What he didn’t say but was implied was ‘…because I’m male & Asian’.  Sexist, racist, me? Couldn’t be! Classic case of unconscious bias on my part and for a lot of their customers.  Unconscious bias is where we are not even aware of the biases we have.  Everyone has their unconscious biases, and in leadership unconscious bias can seriously impact communication, decisions, judgment, performance and results.

But there is hope. As  journalist Fiona Smith in a recent BRW article states ‘The point is we are all biased, but as intelligent, thinking people it is incumbent on us to question our responses and decisions to ensure we do the right thing’.

 

 

 

Getting to grips with emotion


Where were you when you heard Princess Diana has died? What about when September 11 happened? Most people can recall with crystal-clear clarity these events and how the news made them feel – shocked, angry, sad. This is the power of emotion.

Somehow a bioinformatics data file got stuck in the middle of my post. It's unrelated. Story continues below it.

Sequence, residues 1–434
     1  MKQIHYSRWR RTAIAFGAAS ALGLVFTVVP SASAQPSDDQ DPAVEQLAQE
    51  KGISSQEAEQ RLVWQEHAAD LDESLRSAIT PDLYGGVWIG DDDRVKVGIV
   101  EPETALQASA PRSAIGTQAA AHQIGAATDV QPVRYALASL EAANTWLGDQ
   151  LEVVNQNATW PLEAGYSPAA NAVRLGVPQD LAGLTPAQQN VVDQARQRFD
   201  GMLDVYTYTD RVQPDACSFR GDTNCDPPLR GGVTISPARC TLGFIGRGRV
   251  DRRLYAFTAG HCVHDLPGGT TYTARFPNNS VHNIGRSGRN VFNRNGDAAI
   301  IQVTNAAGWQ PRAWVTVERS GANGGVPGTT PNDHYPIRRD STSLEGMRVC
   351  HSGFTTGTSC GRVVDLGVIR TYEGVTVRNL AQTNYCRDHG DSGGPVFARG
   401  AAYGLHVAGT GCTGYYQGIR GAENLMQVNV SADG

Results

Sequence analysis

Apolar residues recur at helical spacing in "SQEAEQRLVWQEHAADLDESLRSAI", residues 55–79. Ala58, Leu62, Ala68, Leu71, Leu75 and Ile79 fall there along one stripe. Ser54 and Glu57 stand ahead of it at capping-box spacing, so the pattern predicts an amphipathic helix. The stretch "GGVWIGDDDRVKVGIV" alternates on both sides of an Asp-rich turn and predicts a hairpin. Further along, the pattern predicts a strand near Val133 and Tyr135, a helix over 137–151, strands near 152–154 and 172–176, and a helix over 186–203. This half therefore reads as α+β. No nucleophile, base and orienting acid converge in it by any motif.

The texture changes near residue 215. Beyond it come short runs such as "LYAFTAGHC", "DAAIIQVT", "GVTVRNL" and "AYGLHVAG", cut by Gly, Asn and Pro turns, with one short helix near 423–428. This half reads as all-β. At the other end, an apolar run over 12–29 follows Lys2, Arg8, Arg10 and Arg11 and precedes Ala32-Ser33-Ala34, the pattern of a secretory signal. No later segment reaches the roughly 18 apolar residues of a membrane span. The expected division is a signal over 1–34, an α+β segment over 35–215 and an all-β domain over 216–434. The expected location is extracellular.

Emotion is the most powerful thing in any presentation. It influences how your audience feels, thinks and acts. Most presenters are unaware of how important tapping into the right emotion is. Either that, or they’re scared of doing so. We’ve heard remarks like “It’s just year-end company data. There’s no emotion in that”. Or “My audience is made up of economists and they don’t do emotion”.

Don’t fall into that trap. Whatever it is you are presenting and whoever your audience is, as long as they are human, they have emotions. Life coach and performance expert Timothy Warneka once said “emotions are the untapped resource of every organisation”. When it comes to presentations, we believe that “emotions are the untapped resource of every presenter”.

So how can you bring emotion into your presentation?

The first step is to understand what makes your audience tick.  Is it concern for the environment? Is it more money in the bank or more free time?

Now with your audience again in mind, think of what positive emotion you can you appeal to in your presentation? Would it be pride in a job well done? Is it about the satisfaction of having made a difference? We must emphasise again what positive emotion can you appeal to here. Not negative emotion because it is positive emotions inspire change.